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KNOW Summer 2014

Legal You ask, we answer. with Michael McGonigle Director of Legal Services 20 | KNOW • Volume 12 Issue 2 May local law enforcement authorities search my vehicle in the school’s parking lot without probable cause? NO. The Fourth Amendment to the U.S. Constitution provides that it is “The right of people to be secure in their persons, houses, papers, and effects, against the unreasonable searches and seizures, and no Warrants shall issue, but upon probable cause, supported by Oath or affirmation, and particularly describing the place to be searched, and the persons or things to be seized.” However, probable cause” may include, for example, witness statements as to illegal contraband or firearms contained in vehicles, or a police dog trained for drug sniffing, alerting on a vehicle. There are Georgia school districts that have utilized police dogs on a “search” of student and faculty vehicles. This has been held to be a lawful search. If confronted with this situation, you should immediately contact your local AE UniServ Director or Legal Services. Can a school district direct me to provide them with my personal laptop for inspection of its contents? NO. GAE Legal Services considers personal laptops to have the same type of Fourth Amendment privacy protections that are accorded to a teacher’s purse or wallet. Under most circumstances, a school district administration cannot search a teacher’s purse. Therefore, a teacher’s personal laptop should have at least the same Fourth Amendment protections. School employees should take precautions to secure their personal property and limit student access to their laptops. A teacher should maintain the privacy of his/her personal laptop at all times, certainly by password or fingerprint access only, and by not leaving the laptop on and unattended at any time. Otherwise, Fourth Amendment protections may be lost. If you encounter problems, please contact your local UniServ Director or Legal Services. I am a school bus driver. I was injured on the job when another motorist collided with my bus— the children were not on board. I contacted my supervisor immediately and reported to the worker’s compensation doctor who placed me on several days’ bed rest and physical therapy. This was all properly documented. However, the school district terminated my employment for job abandonment. Is this legal? NO. The Family and Medical Leave Act of 1993 entitles you to medical leave to care for a serious health condition and the district may not terminate your employment during such leave. In this case, the bus driver followed school district policy and astutely maintained careful documentation of events. That said, t was only after the member contacted GAE Legal Services for assistance that he was restored to his former job. You can access the FMLA regulations at www.dol.gov. We’ve been directed to complete and return an Emergency Information Sheet. The form asks for the name of my physician and other contact information in case of an emergency, which seems okay. However, it also requests that I list all daily medications and occasional medications; and whether I have a history of or are currently being treated for any of the following: heart condition, major surgery, physical disability, asthma, seizures, diabetes, hypertension, and “other.” My principal says that we must complete the form. Is this legal? NO. The school district cannot require employees to disclose a medical condition or a disability. These broadly phrased, open-ended inquiries raise serious concerns relating to individual rights to privacy. Further, the Americans with Disabilities Act prohibits an employer from requiring employees to answer such extensive and far-reaching medical questions. The ADA allows an employer to ask (not mandate) employees to self-identify if they will require assistance in an emergency because of a disability or medical condition. For additional information, you can go to www.eeoc.gov.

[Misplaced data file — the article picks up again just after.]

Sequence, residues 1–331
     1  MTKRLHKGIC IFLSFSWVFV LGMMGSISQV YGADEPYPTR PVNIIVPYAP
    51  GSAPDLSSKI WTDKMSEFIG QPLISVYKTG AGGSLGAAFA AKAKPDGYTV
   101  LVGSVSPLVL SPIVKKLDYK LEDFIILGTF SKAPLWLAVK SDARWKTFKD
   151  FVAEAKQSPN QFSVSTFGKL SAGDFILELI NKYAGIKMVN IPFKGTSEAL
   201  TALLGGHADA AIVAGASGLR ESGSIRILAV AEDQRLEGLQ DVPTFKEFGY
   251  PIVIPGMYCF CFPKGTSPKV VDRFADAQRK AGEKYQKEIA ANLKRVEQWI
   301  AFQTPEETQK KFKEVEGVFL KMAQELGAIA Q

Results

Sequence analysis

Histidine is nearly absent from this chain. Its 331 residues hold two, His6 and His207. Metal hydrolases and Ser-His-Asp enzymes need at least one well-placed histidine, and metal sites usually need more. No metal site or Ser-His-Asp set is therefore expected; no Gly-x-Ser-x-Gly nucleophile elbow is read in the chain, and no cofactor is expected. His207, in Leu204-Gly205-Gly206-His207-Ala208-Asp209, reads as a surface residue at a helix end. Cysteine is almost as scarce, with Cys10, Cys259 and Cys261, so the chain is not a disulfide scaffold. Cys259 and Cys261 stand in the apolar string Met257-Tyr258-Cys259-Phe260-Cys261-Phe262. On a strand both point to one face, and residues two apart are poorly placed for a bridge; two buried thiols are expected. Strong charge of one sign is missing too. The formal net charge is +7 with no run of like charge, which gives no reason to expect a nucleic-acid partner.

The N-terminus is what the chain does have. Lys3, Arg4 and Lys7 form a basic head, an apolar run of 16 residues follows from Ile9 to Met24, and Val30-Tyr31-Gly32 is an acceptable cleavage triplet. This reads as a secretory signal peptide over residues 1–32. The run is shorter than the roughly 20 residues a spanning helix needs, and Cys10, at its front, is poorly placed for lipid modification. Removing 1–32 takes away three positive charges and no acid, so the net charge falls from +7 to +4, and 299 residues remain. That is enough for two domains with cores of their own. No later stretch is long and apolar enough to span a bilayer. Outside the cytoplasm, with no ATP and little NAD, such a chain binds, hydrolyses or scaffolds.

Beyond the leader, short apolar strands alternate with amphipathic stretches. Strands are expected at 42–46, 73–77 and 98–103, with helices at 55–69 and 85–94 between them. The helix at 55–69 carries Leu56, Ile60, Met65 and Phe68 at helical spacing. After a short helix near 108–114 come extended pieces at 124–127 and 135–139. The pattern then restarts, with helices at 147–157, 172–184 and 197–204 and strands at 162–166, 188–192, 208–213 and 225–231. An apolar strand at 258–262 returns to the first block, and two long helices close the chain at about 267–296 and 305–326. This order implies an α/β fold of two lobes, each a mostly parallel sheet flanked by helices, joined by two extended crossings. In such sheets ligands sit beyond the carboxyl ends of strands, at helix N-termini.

KNOW Summer 2014
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